#CagayanNeedsHelp and #IsabelaNeedsHelp have trended on Twitter, highlighting the desperation of victims and their worried relatives in Metro Manila.

Rescue and relief plans have yet to be announced by the national government, still busy with similar operations in the Bicol, Southern Tagalog (ST), Central Luzon and National Capital Region (NCR).

Typhoon Ulysses floods in Northern Rizal Province, Marikina, as well as parts of Bulacan Province and other NCR provinces have exceeded 2009’s Tropical Storm Ondoy, reports said, overstretching rescue and relief operations of both local and national governments.

Meanwhile, several church groups and activist organizations have begun their relief operations in affected areas in Bicol, ST and NCR on top of bringing relief to the victims of the massive fire in Bacoor, Cavite at the height of Super Typhoon Rolly. # (Raymund B. Villanueva)

Governor apologizes after accusing teachers of ‘doing nothing’

Cagayan Governor Manuel Mamba was forced to issue an apology following his accusation that teachers are doing less work with the government’s blended learning scheme.

Mamba told radio station DZRH Saturday that “teachers are simply enjoying themselves at home and receiving salaries without working.”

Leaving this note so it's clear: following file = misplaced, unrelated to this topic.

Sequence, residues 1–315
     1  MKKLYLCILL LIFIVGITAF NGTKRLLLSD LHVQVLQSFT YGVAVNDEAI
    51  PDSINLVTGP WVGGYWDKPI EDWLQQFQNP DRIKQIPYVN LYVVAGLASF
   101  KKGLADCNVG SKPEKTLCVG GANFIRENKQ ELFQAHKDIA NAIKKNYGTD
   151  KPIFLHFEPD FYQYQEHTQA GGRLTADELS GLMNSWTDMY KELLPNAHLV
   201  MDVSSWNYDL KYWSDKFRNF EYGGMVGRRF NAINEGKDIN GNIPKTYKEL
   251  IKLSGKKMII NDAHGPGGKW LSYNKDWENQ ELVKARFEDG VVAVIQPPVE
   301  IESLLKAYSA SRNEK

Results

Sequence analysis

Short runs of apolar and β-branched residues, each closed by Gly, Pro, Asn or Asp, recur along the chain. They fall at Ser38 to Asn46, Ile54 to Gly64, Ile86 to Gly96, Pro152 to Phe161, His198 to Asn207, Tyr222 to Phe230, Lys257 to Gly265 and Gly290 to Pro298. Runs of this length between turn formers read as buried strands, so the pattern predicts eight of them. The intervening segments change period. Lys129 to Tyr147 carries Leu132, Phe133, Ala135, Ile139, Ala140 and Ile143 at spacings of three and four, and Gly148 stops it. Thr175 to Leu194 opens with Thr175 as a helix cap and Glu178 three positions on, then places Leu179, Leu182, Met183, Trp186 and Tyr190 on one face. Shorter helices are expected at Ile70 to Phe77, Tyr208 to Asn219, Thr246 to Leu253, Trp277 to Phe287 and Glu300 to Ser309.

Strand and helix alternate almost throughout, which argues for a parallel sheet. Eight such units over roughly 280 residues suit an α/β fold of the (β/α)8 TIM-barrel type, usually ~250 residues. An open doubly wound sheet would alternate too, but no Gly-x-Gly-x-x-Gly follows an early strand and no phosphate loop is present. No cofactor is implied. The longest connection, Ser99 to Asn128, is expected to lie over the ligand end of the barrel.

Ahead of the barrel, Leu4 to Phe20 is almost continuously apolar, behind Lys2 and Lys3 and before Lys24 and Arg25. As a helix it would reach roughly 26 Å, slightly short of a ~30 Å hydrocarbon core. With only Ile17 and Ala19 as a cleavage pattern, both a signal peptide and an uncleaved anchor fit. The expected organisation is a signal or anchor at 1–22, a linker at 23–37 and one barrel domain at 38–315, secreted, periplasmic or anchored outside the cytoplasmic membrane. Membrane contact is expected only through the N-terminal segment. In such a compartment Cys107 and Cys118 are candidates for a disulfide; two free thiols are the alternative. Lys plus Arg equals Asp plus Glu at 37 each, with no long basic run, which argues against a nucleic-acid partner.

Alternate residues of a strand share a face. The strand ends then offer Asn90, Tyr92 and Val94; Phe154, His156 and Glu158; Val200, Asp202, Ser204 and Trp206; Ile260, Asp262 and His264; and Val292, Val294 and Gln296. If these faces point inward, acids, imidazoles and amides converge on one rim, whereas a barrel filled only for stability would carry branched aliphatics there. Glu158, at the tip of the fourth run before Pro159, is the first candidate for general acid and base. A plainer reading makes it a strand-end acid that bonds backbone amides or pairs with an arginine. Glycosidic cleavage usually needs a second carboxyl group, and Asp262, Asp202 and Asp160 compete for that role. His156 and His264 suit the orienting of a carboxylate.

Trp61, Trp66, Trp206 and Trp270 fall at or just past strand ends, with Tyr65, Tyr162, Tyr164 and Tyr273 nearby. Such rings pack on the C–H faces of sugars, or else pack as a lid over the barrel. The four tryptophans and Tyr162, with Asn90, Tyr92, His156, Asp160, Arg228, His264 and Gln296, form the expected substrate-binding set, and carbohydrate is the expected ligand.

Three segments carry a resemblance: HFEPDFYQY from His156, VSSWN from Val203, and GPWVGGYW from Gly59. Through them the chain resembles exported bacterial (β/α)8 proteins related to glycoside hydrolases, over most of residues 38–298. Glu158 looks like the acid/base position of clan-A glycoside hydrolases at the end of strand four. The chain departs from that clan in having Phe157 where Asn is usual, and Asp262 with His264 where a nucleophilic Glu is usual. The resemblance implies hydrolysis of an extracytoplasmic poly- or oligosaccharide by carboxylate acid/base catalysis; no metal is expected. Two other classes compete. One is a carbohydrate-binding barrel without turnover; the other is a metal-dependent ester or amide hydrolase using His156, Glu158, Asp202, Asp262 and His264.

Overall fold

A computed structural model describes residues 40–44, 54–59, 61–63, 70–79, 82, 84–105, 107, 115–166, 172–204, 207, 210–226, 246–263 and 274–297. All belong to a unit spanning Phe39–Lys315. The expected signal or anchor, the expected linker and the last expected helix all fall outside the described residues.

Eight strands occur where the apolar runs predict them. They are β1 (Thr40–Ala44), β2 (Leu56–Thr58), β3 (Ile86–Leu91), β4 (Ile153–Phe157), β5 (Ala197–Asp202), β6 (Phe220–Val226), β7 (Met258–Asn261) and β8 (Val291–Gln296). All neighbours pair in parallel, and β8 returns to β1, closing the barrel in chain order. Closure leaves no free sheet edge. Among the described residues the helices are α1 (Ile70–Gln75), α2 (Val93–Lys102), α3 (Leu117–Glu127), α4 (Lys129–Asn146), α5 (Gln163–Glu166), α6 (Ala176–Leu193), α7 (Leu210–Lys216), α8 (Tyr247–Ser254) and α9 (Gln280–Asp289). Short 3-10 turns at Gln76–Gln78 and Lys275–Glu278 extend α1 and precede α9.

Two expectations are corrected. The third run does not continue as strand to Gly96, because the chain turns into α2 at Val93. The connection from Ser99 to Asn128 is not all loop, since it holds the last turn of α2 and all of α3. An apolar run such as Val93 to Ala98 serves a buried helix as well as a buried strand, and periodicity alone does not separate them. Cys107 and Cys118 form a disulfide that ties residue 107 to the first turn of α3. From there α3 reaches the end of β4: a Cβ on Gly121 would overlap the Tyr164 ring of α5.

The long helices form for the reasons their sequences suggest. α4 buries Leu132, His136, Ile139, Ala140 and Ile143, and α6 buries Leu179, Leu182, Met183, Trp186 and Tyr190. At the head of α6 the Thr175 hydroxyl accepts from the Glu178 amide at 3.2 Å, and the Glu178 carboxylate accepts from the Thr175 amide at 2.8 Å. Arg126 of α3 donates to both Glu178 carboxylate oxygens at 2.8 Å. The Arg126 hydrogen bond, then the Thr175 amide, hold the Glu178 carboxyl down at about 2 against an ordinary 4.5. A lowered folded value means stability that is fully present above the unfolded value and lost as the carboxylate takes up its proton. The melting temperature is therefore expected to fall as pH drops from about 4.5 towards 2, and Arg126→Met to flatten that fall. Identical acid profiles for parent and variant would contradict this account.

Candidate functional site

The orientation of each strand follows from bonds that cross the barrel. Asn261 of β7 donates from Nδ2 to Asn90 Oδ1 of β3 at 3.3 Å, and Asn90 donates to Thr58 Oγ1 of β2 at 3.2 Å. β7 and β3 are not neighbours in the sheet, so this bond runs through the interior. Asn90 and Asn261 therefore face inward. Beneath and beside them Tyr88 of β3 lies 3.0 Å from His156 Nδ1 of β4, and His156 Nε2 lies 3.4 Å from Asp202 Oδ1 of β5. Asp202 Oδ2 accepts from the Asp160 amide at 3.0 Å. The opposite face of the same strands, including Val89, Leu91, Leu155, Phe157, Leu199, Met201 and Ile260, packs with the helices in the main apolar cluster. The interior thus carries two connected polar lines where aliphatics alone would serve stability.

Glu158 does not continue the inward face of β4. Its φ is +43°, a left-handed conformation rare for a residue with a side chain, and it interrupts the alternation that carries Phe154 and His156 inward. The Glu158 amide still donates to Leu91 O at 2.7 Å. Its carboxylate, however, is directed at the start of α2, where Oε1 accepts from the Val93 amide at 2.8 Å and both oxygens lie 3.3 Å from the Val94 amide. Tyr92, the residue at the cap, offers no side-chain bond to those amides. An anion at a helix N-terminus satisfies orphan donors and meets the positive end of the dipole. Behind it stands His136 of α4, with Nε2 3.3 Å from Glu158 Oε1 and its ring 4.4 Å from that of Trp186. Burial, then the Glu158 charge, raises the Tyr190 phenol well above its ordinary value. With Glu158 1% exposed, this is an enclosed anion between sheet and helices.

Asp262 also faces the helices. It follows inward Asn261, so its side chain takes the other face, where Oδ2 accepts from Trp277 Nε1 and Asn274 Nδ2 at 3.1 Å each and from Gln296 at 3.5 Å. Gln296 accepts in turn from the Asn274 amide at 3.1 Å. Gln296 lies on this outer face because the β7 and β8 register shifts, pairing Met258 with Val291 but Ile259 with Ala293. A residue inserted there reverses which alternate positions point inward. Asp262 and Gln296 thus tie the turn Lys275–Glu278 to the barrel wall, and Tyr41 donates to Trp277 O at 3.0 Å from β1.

Mamba added that he thinks that the government is being shortchanged and hinted that teachers’ salaries may be slashed soon.

Alliance of Concerned Teachers (ACT) president Joselyn Fegalan said Mamba had no right to accuse teachers of doing less work as teachers are in fact burdened by greater workload due to the Department of Education’s blended learning scheme.

“Teachers deserve an apology. You go back to that radio station and say sorry,” Fegalan said.

Mamba is ignorant of the situation of teachers even in his home province, ACT secretary general Raymond Basilio added.

“It seems he does not know that many teachers spend their already inadequate salaries to buy paper, laptops, printers and ink because the government has yet to fully provide these,” he said.

“Gov, it’s World Teachers Day on Monday (today, October 5) and this is your message to them? Is this how you thank them?” Basilio asked.

The Student Council of the University of the Philippines College of Education also condemned Mamba’s remarks as “patently insensitive, infuriating and disrespectful of the teachers’ effort to educate amid the pandemic.”

‘Just being fatherly’

Mamba in a statement Sunday he is sorry and did not mean to hurt any teacher, adding he wanted to challenge everyone with his remarks.

In another DZRH interview Sunday, Mamba said he has high regard for teachers as shown by his administration’s involvement of teachers in provincial government projects.

Mamba added he was just being fatherly in lecturing just as he was in admitting mistakes.